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Plaster Casting

How Prototype Castings Can Be Produced in a Short Time

| Editor: Alexander Stark

In plaster casting 2.0, Formkon has combined the conventional casting process with 3D printing and can deliver aluminum and magnesium prototypes in one to two weeks.

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PMMA model (left) and the finished aluminum part (right)
PMMA model (left) and the finished aluminum part (right)
( Source: Formkon )

The Danish company Formkon A/S has invested around 1 million euros in a process called plaster casting 2.0. “The core of our big innovation is a 3D printer, one of the largest on the market," says production manager Martin Løgsted and adds: "We have also invested in several industrial furnaces, automatic plaster mixing plants and new types of plaster." Formkon specializes in the casting and finishing of aluminum and magnesium prototypes. “We are surprised at how few people are familiar with plaster casting and know that it is a fast and cost-effective solution for producing smaller numbers of prototypes," says Dan Nielsen, Sales Manager at Formkon A/S. “In the past, this process was most interesting for the production of very small numbers, i.e. 1-10 prototypes. Now plaster casting 2.0 can be used to produce a larger number of prototypes," he explains.

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The automotive industry is also slowly discovering its advantages. Among other things, Formkon supplies this industry with plaster cast prototypes made of aluminum or magnesium for new electric cars or hybrid vehicles. For the major automobile manufacturers, time is of the essence in the race to launch new models. Therefore, the prototypes must be produced quickly and precisely. The alternatives are sand casting or CNC machining from solid materials. However, these procedures are usually much more cumbersome and take more time. Formkon is therefore convinced that this new type of plaster casting will also find its way into other industries.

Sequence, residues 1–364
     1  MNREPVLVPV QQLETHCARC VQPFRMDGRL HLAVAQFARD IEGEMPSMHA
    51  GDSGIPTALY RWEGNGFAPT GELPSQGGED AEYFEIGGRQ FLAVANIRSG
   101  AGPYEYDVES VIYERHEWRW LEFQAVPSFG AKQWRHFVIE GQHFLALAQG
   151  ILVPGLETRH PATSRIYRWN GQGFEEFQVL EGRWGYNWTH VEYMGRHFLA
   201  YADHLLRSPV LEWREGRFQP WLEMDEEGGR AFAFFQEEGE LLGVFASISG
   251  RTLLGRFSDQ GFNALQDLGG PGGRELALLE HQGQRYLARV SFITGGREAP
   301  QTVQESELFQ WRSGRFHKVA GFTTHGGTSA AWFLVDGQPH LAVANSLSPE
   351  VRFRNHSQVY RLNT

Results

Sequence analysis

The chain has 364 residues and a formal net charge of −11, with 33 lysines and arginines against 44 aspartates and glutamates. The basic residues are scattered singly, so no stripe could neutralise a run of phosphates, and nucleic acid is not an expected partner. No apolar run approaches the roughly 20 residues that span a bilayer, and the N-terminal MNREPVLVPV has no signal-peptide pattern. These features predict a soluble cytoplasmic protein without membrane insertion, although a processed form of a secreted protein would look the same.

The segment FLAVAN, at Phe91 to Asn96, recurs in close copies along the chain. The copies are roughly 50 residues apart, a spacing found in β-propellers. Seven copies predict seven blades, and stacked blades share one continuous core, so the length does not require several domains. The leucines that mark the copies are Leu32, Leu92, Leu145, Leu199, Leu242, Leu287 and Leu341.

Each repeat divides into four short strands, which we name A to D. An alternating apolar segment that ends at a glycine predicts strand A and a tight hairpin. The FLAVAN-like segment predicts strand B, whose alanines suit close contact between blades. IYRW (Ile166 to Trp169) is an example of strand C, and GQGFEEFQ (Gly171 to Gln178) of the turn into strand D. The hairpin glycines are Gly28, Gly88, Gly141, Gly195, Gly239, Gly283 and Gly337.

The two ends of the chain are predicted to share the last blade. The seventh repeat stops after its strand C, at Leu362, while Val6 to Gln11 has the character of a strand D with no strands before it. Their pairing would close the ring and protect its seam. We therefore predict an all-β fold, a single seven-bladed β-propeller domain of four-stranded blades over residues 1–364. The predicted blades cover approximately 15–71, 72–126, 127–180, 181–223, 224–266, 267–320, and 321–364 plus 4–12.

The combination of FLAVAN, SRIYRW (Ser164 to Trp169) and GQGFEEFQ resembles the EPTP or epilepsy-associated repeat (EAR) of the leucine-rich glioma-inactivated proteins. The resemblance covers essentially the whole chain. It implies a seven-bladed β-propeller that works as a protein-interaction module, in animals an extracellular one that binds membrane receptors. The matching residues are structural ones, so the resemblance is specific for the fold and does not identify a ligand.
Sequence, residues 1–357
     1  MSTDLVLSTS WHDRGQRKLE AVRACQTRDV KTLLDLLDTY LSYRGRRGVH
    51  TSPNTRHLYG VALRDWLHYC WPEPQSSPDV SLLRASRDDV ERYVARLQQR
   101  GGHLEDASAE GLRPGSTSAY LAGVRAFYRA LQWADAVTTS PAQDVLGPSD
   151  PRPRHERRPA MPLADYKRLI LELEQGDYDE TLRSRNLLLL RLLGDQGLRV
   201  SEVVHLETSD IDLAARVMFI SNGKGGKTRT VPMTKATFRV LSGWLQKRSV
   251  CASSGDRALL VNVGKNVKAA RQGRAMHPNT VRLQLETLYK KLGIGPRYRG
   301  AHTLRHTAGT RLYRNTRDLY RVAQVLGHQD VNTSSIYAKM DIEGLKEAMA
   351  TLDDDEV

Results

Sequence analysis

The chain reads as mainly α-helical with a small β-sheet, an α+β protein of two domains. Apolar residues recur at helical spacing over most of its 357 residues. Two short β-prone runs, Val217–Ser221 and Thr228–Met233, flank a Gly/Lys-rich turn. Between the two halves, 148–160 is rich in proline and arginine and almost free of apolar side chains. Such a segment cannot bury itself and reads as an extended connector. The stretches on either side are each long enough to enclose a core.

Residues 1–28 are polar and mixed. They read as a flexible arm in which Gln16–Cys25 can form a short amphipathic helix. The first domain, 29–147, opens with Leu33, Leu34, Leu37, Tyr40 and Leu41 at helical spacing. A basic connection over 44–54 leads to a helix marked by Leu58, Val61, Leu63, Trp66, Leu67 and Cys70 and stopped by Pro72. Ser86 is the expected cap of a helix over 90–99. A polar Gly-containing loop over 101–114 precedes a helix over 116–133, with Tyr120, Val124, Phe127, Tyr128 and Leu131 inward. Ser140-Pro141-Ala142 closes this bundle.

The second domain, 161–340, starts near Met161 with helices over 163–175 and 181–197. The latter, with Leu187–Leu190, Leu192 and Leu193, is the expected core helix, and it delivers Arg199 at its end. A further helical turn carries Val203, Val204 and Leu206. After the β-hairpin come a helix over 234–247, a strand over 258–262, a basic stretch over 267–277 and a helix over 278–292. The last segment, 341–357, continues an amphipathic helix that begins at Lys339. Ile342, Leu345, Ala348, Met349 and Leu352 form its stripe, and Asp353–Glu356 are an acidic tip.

Next Generation Casting Process

Formkon calls the new process plaster casting 2.0 for a simple reason - the massive investment made in the last two years has rejuvenated the entire process by one generation. The process is automated to a higher degree, resulting in better and more homogeneous quality and faster turnaround times for a larger number of prototypes. Plaster casting is an old technology. But today, combined with state-of-the-art 3D printing and CNC machining, prototypes can be produced faster. Plaster casting 2.0 now produces first results. The complete process is handled in-house, and Formkon can deliver a larger number of cast prototypes in just 1 to 2 weeks, which is much faster than before. This is a crucial ability if you want to cooperate with the leading manufacturers in Europe.

New Technology Saves Time

The process is based on the Voxeljet VX800 3D printer, which can print parts with dimensions pf up to 850 x 450 x 500 mm based on digital 3D files. The finished plastic models consist of thin layers of glue and powder - each layer can be up to 150 µm thin. The plaster casting process makes few restrictions on the shape of the part, and the few time-consuming design rules also speed up the process. “In short, the process involves wrapping the plastic models in plaster and then burning the plastic at 700 °C," explains production manager Martin Løgsted. "This creates a cavity in the plaster that is filled with liquid aluminum or magnesium. Once the metal has solidified, we can break the plaster and obtain a metal component that can processed by our CNC department. Plaster casting 2.0 is therefore a combination of the latest and most modern technology and conventional plaster casting." Sales Manager Dan Nielsen from Formkon A/S summarizes "By refining and compressing the process, we can offer a much more attractive product in a competitive market. Since everything happens in-house, we have total control, which shortens the prototype process by several days,"

This article was first published by konstruktionspraxis.

Original: Dorothee Quitter / Translation: Alexander Stark

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PL DE Holding GmbH; Fraunhofer IFAM; Dominsky; gemeinfrei; D.Quitter/konstruktionspraxis; Voxeljet; Bühler AG; Nemak; Formkon; Formkon/Leif Londal; Godfrey&Wing; Kuka; Norican Group; MPA Stuttgart; Daimler; Mapal; Hackrod; Boston Consulting Group; Unsplash; Pixabay; NuernbergMesse / Frank Boxler; NürnbergMesse; Bühler Group; Marposs